There are a few things in life, the difficulties of which, without attempting, through aspiration and desire, could never be understood. One of those is the art of conveying an event poignantly in poetic form.
Homer’s epic runs into many books – rather divided into many books- not just a poignant poem, yet in the course of the flow, which is swift and precise in expression, there appear descriptions which suddenly knock us out of our knowledge and plunges us into an experience.
At school, I’m sure we had all read of Cyclops in the “adventures” of Ulysses. The story tells us how Ulysses got trapped inside the cave of Polyphemus, a Cyclop, and how he and his mates made good their exit by scorching the eye of Polyphemus with a stake.
When we read Homer, it is no more a life saving tactic of an adventurer or the payback time for a giant for having mercilessly killed Ulysses’ mates.
The following lines, immediately makes us reach out for our own eyes, a participation in human predicament. Maybe, the scorching is justified, yet when a human being’s eye is scorched with a fiery brand while in a drunken stupor, startles us.
It is that poignancy of human predicament, when brought out in all its gore, which rouses us from mundane knowledge to an experience we would like to spare ourselves from.
Here are the lines from Homer:
“And as when armourers temper in the ford
The keen-edged pole-axe, or the shining sword,
The red-hot metal hisses in the lake,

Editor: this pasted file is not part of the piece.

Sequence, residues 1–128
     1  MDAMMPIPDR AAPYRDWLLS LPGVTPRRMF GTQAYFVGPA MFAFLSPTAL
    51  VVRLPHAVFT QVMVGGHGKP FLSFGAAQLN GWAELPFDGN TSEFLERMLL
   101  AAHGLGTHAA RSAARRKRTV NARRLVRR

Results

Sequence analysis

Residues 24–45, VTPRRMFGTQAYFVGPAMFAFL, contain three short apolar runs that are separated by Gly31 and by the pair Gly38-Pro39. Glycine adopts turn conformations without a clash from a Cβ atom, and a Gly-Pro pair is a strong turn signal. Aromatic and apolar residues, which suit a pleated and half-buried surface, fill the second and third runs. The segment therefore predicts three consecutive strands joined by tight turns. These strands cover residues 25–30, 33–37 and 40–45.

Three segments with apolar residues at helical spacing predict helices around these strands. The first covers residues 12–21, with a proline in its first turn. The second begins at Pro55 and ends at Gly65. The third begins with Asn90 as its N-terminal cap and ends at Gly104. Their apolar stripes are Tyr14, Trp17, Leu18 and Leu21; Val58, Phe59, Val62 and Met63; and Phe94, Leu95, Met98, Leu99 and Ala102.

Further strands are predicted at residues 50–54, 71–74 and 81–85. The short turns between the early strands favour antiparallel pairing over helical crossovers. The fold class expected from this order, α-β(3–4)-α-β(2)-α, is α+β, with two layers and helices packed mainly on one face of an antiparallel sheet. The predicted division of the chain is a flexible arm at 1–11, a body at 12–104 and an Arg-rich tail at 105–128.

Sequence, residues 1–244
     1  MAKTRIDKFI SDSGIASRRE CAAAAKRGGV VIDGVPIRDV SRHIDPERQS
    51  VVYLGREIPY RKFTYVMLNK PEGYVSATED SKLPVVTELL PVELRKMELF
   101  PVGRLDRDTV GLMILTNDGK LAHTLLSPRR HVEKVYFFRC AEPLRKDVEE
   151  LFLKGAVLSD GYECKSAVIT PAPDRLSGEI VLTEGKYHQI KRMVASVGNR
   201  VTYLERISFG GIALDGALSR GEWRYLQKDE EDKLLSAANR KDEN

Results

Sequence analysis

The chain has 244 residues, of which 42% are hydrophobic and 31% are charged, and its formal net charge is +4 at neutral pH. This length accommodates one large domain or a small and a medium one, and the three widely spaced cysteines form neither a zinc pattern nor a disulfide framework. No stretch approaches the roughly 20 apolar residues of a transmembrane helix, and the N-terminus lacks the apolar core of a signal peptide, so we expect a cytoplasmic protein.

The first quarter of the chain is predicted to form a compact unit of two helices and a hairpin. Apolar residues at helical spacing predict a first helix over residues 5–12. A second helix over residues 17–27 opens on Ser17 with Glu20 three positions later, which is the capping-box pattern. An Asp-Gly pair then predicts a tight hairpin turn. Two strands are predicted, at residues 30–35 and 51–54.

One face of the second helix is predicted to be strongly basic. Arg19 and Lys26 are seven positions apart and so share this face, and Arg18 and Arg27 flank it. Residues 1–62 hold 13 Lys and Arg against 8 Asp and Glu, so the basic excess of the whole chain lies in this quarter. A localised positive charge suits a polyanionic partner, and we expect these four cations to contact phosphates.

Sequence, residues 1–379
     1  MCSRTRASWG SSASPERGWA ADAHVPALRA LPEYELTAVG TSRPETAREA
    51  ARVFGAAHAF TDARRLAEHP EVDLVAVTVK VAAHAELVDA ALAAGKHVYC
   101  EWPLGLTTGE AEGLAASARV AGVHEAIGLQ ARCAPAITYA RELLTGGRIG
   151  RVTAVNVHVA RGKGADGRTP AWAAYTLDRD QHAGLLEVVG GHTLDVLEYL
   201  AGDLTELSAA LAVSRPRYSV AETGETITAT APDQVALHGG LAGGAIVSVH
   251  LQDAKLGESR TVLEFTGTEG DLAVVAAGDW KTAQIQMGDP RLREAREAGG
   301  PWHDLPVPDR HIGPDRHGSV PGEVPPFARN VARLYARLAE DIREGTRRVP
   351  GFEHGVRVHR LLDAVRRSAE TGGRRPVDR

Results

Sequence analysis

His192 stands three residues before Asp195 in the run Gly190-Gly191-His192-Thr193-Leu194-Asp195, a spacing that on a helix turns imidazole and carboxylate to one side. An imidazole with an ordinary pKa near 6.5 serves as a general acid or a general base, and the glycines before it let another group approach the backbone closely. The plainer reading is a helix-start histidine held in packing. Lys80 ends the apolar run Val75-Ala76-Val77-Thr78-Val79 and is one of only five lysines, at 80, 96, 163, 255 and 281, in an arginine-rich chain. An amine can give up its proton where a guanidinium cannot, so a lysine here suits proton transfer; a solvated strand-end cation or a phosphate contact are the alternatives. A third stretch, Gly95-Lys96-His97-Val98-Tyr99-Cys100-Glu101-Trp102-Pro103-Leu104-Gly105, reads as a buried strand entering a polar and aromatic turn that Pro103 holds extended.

Thus in his eye-ball hiss’d the plunging stake.”
If one believes that these poetic expressions are flashes in a ocean of words, the poem being an Epic, one is lost. Here is the description of the very act of Ulysses and his mates on the hapless Polyphemus:
“The stake now glow’d beneath the burning bed
(Green as it was) and sparkled fiery red,
Then forth the vengeful instrument I bring;
With beating hearts my fellows form a ring.
Urged my some present god, they swift let fall
The pointed torment on his visual ball.
Myself above them from a rising ground
Guide the sharp stake, and twirl it round and round.
As when a shipwright stands his workmen o’er,
Who ply the wimble, some huge beam to bore;
Urged on all hands, it nimbly spins about,
The grain deep-piercing till it scoops it out:
In his broad eye he whirls the fiery wood;
From the pierced pupil spouts the boiling blood;
Singed are his brows; the scorching lids grow black;
The jelly bubbles, and the fibres crack.”
Is the scene not redolent of what happened to Samson, the Judge of Israel? Look at the verse where Samson’s plight at the hands of the Philistines is expressed:
21 But the Philistines took him, and put out his eyes, and brought him down to Gaza, and bound him with fetters of brass; and he did grind in the prison house.
Prose, gives knowledge to the reader. If one were to let one’s imagination on every information, there might be possibilities whereby one wouldn’t be able to reconcile the threads of facts with the fabric of the full narration. That’s where an Epic Poet like Homer with his craft, imagination and ethics blends it with balance.
The scene of Ulysses preparing and punching the only eye of Polyphemus may momentarily elicit sympathy, but when one had read the preceding stanzas where Polyphemus had brutally killed four of Ulysses’ mates, it gratifies the reader on two counts that the action taken by Ulysses was essential – as there was no other way; and secondly, the innocent guests were killed for no necessity of Polyphemus and those innocent wayfarers, who had strayed as uninvited guests into his cave, were without justification brutally killed and consumed.
Epics may be tedious, but if one gets involved in the poetic content, the imagery would be elevating and eye opening.